Guest Post By: Victoria Ward
Consumerism is a topic that has gained popularity over the last several years. With the explosion of technology and online marketing, people are tricked into thinking they never have enough stuff.
This view tends to be most common in western culture and in first world countries. In the United States, many people fall into the trap of consumerism and are spending beyond their means.
Not only does this have a negative impact on people’s finances, but it also has a negative impact on our world and environment. Now more than ever it’s time for us as the consumers to evaluate our habits and see where we need to change.
Our need for consumption results in more and more waste. This is damaging to our ecosystem and will ultimately harm us if not reduced or stopped. Our consumption of frivolous products is destroying the planet.
Fast Food Consumerism
Fast food is another item that falls under the umbrella of consumerism. By having fast foods, it encourages overeating processed and unhealthy foods.
Not only are the fast food industries unethical in their treatment of livestock, but the amount of resources needed in order to maintain this model is destructive to the farmland. This method of production gravitates so far away from traditional farming methods.
Traditional methods of crop and livestock production are better for the environment and prevent over-usage of one resource. There is something that is inherently beneficial about growing crops in their season.
Most fast food chains are not concerned with the health and wellness of the consumer. This leads to poor lifestyle choices and chronic disease. The food does taste good, but its flavor comes from excessive fat and salt. This leads to overeating and just for the short-term satisfaction of having something that tastes good.
Consumerism in Fashion
Much like with fast food, we have fast fashion. You have probably seen the stores that are getting new products weekly, sometimes as frequently as every day. While it might be nice to stay on top of the latest trends, this idea of fast fashion is directly contributing to waste, environmental hazards, and abusive working conditions.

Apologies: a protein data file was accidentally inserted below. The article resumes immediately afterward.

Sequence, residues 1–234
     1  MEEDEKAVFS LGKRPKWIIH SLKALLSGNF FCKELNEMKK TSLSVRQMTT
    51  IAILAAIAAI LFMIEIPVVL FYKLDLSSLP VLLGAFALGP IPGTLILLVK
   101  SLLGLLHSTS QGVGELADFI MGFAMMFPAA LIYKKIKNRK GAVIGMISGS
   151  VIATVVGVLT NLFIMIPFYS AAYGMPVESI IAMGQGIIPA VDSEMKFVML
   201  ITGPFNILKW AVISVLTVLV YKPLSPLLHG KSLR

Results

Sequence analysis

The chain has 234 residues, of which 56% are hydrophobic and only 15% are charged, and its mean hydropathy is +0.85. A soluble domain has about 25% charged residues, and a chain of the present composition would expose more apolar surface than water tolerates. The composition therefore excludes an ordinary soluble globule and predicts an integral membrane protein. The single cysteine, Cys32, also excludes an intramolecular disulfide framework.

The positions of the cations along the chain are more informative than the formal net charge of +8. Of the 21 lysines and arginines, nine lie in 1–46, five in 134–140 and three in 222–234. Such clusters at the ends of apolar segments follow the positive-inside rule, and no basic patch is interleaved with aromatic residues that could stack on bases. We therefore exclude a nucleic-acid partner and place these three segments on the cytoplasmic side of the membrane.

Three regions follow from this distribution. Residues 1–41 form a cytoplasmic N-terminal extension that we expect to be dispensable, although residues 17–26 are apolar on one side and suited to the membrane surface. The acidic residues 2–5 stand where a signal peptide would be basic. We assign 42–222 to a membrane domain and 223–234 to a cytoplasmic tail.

Fast fashion is designed to be just that: fast. The working conditions of the people who are sewing the clothes are often unsafe and even abusive. The workers are undervalued and, in most cases, underpaid. Most do not have other options for work in order to be able to provide for their families.
In addition to the negative working conditions, the amount of clothing the workers have to produce is growing exponentially. With clothing stores wanting to bring the consumer more and more options, the companies neglect to care about the environmental impact. Most people do not know that the fashion industry is second to oil in terms of pollution.
Consider what you consume on a daily basis. Are you eating fast food regularly? Buying new products and technology? Are you purchasing brand new clothes constantly?
You have the power to make a change and it starts by reducing consumption. Buying local foods and supporting farmers in your area is a great way to reduce food consumption. Not throwing away leftovers and eating out less are other practical ways to reduce your consumption of fast foods.
Shopping secondhand for clothing is one of the best ways to avoid contributing to the fast fashion industry. People need to be thinking about where their clothes go after they are thrown away. If you want to buy new clothes, consider visiting a local thrift shop. Look into the brands you are buying and see if they have environmentally conscious practices.
By: Victoria Ward for www.sustainabilityactive.com